The Ahlul Bayt News Agency reports today that a court in Bahrain sentenced today political detainees, including activists and human rights defenders, to total of more than 400 years’ imprisonment and upheld the sentence of 10 years’ imprisonment against two children. All of the sentences were delivered under the internationally criticized and vague terrorism law. The court also reduced the sentences of two police officers who tortured a detainee to death from 10 years’, to 2 years’ imprisonment. On  29 of September 2013, the court held the ruling session in the case known as “February 14th Coalition”, in which 50 individuals were tried under the terrorism law, including human rights defender Naji Fateel, political activist Hisham Al-Sabbag and activist Rihanna Al-Mosawi. In first session when defendants spoke about the torture they were subjected to, but were ignored by the court. On the 5th of September, the legal defense team submitted a letter requesting a change of court due to the conflict of interest, and requested a medical committee to investigate the torture allegations from the defendants. The defense team then withdrew from the session based on Article 211 of the Criminal Procedure Law of Bahrain, which stated that the defense team can refuse the judges ruling in the cases mentioned in the previous article and in other cases which are prescribed by the law. Moreover, the defendants issued a statement boycotting the trial stating that the lack of an independent judiciary as one of the reasons. On the 29 September 2013, the court continued the trial and sentenced the 50 defendants in the case to a total of 430 years in prison: 16 defendants were sentenced to 15 years’ imprisonment including Naji Fateel and political activist Hisham Al-Sabbag, 4 were sentenced to 10 years imprisonment and 30 to 5 years. The BCHRs Acting President Maryam Al-Khawaja stated: “There was no due process in the entirety of this case which is why the defendants and their lawyers decided to boycott. From the time that the defendants were abducted, tortured and then sentences, nothing was done according to international standards of a fair trial. If these fifty people were really guilty of a crime, why was the only evidence presented confessions extracted under torture? This was a sham trial with a political verdict, they should be released immediately”.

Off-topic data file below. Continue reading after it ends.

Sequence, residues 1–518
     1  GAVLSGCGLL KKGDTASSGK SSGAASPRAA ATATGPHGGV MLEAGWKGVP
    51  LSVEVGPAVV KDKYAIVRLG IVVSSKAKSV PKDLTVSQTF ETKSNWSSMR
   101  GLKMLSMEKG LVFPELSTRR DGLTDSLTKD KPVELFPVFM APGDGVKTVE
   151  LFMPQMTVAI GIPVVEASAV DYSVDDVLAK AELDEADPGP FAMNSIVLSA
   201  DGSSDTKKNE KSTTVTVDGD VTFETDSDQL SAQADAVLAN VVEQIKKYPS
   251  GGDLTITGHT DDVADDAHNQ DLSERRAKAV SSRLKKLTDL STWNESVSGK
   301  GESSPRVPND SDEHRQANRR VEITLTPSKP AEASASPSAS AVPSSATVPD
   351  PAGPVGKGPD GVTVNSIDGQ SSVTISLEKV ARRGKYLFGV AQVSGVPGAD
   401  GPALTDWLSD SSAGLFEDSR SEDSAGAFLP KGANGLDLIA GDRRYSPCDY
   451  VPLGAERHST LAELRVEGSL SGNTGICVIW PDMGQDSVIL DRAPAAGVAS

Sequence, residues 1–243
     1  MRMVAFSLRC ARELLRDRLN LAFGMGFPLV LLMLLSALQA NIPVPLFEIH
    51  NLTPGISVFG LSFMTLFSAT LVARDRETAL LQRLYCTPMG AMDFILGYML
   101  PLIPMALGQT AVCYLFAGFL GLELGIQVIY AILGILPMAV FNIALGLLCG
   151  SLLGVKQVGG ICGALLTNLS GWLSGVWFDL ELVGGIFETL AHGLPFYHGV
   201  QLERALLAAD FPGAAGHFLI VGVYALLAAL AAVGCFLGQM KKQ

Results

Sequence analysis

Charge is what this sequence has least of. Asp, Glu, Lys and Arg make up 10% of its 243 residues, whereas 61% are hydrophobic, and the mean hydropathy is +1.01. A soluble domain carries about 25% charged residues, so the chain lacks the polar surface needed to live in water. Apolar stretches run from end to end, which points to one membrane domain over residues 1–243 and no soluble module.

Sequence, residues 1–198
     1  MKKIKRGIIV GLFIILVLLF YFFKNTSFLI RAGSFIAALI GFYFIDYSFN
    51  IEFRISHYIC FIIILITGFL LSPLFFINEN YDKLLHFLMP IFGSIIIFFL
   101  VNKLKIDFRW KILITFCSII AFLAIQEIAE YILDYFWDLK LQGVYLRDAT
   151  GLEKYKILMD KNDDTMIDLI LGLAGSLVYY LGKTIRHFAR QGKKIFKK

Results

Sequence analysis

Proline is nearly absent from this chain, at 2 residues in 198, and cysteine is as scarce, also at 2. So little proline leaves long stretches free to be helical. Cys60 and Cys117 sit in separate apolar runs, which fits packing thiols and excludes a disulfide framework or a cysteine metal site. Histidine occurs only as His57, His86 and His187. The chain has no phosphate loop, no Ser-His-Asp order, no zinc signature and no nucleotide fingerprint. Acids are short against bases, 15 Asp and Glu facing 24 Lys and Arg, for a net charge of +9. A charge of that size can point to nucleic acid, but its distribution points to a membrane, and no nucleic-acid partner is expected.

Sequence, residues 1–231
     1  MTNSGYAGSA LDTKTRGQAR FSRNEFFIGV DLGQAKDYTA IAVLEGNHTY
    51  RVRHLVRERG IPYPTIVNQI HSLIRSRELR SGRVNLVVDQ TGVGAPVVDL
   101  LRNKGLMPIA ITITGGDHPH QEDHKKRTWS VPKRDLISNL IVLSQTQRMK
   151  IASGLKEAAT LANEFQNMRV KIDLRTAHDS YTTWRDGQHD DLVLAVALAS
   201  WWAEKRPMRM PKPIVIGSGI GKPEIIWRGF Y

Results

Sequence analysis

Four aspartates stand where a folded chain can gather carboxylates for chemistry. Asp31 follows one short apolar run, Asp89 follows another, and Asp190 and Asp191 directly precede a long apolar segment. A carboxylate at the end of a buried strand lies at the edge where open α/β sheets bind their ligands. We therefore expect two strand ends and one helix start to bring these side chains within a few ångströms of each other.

via Bahrain Court Sentences 50 Shia Muslims to Total 430 Years Imprisonment / Names.

 

Today Rafto announces that its Award goes to the Bahrain Centre for Human Rights

September 26, 2013

The Bahrain Centre for Human Rights, whose founder and director are both jailed, wins Norway’s Rafto Prize for rights defenders. The award hopes to “turn the spotlight on systematic violations of human rights in a region where abuse is too often met with silence from Western governments,” the Rafto Foundation said in a statement on 26 September.  The founder of the centre, Abdul Hadi al-Khawaja, is serving a life sentence in jail after he and several other leading opposition figures were convicted of plotting to overthrow the monarchy. They were arrested in April 2011, in the wake of the Sunni-monarchy’s crackdown on a month of Shiite-led protests that demanded political reforms. Meanwhile the centre’s director, Nabeel Rajab, has been in jail for more than 14 months, serving a three-year jail term for taking part in unauthorised protests. The prize jury commended the rights group for its non-violent protests and documentation of human rights violations, despite government attempts to shut it down. The Bahrain Centre for Human Rights was, inter alia, also one the Final Nominees for the MEA of 2012 and received the Baldwin Medal

The annual Rafto award was founded in 1986 in memory of Norwegian economic history professor Thorolf Rafto, a longtime human rights activist. The 15,000 Euro prize will be presented on November 3 in Bergen.

via Bahrain rights group wins Norwegian award | GlobalPost.

 

Arab human rights court in Bahrain? – a take by the Voice of Russia.

September 6, 2013

бахрейн протест бахрейн столкновения